Written by Staff Writer
08 Dec, 2013 | 7:56 am
Tens of thousands of South Africans are expected to line the streets of Pretoria in the coming days as Nelson Mandela’s body is borne daily to the Union Buildings, the seat of national government, to lie in state.
Mandela’s coffin will travel from Pretoria’s main military hospital and back each day for three days, offering the public perhaps the best opportunity to personally bid farewell to the beloved former president and human rights icon who died Thursday.
As government officials spelled out tight security arrangements, strictly limiting public access to major memorial events, they sought to preempt disappointment by urging South Africans to watch the events on large video screens that will be placed in major locations around the country.
Many foreign dignitaries will attend a memorial service Tuesday at the 90,000-seat soccer stadium in Soweto. Much of the seating is likely to be allocated to VIPs and members of Mandela’s African National Congress, bused in from around South Africa.
A two-mile security cordon will be placed around Qunu, Mandela’s home village, where he is to be buried Dec. 15. Only the state-controlled broadcast network SABC and a government photographer will be allowed to attend on behalf of the media. Members of the public are expected to line the roads again when his body travels from the airport to his final resting place in Qunu.
Nine thousand people are due to attend the state funeral, including heads of state and dignitaries from around the world.
Meanwhile, Mandela’s family spoke Saturday for the first time since his death, describing in a statement their grief at losing a “great man, a pillar of the family,” who remained humble despite his global fame.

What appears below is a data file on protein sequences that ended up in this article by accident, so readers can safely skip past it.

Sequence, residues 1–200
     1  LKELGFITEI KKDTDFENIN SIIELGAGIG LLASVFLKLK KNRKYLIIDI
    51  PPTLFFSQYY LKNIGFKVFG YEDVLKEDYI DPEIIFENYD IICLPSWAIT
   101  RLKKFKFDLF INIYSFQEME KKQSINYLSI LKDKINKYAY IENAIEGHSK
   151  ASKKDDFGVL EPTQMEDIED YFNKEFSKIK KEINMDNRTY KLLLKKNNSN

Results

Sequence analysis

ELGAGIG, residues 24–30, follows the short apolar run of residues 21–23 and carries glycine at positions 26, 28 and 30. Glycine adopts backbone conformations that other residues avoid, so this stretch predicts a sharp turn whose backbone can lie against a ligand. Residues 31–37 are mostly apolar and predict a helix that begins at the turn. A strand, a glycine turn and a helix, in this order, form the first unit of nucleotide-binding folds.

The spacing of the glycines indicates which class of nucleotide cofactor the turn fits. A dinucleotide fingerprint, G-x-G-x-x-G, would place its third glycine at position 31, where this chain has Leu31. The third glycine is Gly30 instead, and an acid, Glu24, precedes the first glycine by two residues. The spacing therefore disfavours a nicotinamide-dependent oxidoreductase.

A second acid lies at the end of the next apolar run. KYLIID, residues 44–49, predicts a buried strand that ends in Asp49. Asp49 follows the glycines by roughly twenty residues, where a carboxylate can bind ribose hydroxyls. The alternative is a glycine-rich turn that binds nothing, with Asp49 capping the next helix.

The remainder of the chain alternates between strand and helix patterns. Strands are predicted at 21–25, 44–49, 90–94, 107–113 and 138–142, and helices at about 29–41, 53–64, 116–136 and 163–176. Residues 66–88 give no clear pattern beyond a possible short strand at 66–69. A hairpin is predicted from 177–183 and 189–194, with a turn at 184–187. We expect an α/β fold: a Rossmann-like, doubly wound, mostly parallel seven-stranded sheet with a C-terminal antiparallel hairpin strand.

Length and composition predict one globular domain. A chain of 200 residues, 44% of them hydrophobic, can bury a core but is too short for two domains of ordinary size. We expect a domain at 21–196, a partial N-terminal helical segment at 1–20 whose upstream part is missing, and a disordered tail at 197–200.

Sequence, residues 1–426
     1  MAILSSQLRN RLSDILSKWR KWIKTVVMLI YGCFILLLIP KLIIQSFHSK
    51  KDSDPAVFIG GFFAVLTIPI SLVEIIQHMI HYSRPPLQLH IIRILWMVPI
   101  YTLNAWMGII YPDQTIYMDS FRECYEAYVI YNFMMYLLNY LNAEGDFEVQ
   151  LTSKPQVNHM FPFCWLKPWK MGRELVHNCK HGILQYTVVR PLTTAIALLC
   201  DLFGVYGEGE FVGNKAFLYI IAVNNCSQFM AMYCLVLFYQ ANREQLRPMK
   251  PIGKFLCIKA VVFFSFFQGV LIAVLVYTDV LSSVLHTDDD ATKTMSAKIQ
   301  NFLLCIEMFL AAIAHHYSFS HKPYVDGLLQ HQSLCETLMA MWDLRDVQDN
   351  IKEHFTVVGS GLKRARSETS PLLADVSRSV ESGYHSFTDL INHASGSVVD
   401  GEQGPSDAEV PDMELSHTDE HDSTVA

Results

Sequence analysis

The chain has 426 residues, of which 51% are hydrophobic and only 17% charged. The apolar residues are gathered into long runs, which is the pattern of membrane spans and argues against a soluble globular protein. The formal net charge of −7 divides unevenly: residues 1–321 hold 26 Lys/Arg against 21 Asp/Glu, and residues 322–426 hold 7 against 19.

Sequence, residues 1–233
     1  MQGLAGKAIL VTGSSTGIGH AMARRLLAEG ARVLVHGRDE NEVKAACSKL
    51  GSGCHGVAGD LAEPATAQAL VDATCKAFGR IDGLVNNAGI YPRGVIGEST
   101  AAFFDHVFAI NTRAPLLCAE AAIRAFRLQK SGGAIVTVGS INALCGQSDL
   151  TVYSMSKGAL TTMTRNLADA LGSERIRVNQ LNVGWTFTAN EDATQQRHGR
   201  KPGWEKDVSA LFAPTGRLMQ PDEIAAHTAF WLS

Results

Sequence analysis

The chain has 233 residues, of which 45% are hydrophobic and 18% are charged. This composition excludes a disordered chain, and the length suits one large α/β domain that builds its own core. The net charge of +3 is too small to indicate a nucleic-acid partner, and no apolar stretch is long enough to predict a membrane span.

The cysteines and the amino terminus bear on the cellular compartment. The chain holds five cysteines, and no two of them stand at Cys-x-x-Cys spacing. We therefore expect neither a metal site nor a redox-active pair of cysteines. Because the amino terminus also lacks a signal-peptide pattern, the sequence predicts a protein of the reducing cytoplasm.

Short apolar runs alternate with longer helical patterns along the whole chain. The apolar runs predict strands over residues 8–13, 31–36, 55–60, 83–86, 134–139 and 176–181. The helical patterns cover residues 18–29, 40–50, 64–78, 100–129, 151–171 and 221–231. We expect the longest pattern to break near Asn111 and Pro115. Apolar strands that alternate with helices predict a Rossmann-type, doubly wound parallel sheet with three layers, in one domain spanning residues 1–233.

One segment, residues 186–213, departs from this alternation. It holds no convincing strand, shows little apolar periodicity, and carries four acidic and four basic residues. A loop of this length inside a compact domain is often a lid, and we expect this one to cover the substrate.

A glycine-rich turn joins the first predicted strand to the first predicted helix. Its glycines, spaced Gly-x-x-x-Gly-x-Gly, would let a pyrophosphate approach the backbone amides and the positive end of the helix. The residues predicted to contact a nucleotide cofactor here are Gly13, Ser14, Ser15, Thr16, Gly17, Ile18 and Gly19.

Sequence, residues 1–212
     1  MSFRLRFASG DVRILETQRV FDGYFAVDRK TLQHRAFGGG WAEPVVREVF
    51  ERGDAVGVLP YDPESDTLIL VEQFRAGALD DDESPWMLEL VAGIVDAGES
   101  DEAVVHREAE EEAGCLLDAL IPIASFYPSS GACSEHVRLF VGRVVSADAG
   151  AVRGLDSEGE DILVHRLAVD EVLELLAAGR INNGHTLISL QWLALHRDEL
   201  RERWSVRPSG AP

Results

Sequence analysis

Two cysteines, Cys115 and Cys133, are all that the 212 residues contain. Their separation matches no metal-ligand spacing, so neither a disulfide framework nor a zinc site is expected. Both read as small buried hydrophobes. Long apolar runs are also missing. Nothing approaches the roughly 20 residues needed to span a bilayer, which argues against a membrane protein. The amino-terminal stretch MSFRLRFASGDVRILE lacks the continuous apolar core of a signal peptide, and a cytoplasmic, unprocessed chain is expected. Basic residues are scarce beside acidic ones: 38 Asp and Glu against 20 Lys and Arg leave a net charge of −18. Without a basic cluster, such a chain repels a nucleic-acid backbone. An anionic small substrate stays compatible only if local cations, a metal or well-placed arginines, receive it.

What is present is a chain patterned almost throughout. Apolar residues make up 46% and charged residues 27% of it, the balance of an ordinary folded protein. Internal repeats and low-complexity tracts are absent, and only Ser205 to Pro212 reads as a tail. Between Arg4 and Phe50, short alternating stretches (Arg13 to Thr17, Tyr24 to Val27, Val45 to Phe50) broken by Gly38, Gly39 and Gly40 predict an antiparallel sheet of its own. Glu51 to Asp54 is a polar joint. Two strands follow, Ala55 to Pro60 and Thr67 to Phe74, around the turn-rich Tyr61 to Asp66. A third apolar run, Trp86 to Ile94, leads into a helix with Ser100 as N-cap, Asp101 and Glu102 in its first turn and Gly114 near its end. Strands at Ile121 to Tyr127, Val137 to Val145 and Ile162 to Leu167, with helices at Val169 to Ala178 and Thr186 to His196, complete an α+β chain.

President Obama called Mandela’s widow, Graca Machel, on Saturday to extend his condolences.
Mandela’s family, deeply sensitive about the intense media interest in his upcoming funeral, is walking a difficult line between the need for privacy to grieve and the sense that Mandela belonged to the world.
The family is concerned about the possibility of photographs circulating of Mandela lying in state, according to a spokeswoman for the Government Communication and Information System, hence the ban on cellphones and cameras at the Union Buildings.
Military doctors Saturday were preparing Mandela’s body, government officials said.
The Mandela family has been criticized by South Africans, including Nobel Peace Prize laureate Archbishop Desmond Tutu, for an unseemly public fight over Mandela’s burial site since he fell ill in June.
Some relatives have also been criticized for cashing in commercially on the Mandela name.
Mantanzima said the family would always seek to emulate Mandela’s values.
–The Los Angeles Times
13 Nov, 2019 | 09:37 PM
02 Nov, 2019 | 05:46 PM
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